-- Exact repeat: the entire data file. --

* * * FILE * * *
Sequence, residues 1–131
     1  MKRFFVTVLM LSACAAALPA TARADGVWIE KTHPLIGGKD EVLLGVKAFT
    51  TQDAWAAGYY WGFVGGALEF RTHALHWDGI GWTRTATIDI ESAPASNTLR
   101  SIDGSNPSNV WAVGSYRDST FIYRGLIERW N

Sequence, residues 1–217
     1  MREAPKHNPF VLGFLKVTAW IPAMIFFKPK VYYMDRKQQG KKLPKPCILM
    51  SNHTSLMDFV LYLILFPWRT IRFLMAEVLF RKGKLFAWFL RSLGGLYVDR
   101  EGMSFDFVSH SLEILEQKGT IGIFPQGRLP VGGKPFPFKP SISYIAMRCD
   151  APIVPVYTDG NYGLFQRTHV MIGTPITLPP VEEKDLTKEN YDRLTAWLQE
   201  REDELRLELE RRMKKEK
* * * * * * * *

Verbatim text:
Sequence, residues 1–131
     1  MKRFFVTVLM LSACAAALPA TARADGVWIE KTHPLIGGKD EVLLGVKAFT
    51  TQDAWAAGYY WGFVGGALEF RTHALHWDGI GWTRTATIDI ESAPASNTLR
   101  SIDGSNPSNV WAVGSYRDST FIYRGLIERW N

Sequence, residues 1–217
     1  MREAPKHNPF VLGFLKVTAW IPAMIFFKPK VYYMDRKQQG KKLPKPCILM
    51  SNHTSLMDFV LYLILFPWRT IRFLMAEVLF RKGKLFAWFL RSLGGLYVDR
   101  EGMSFDFVSH SLEILEQKGT IGIFPQGRLP VGGKPFPFKP SISYIAMRCD
   151  APIVPVYTDG NYGLFQRTHV MIGTPITLPP VEEKDLTKEN YDRLTAWLQE
   201  REDELRLELE RRMKKEK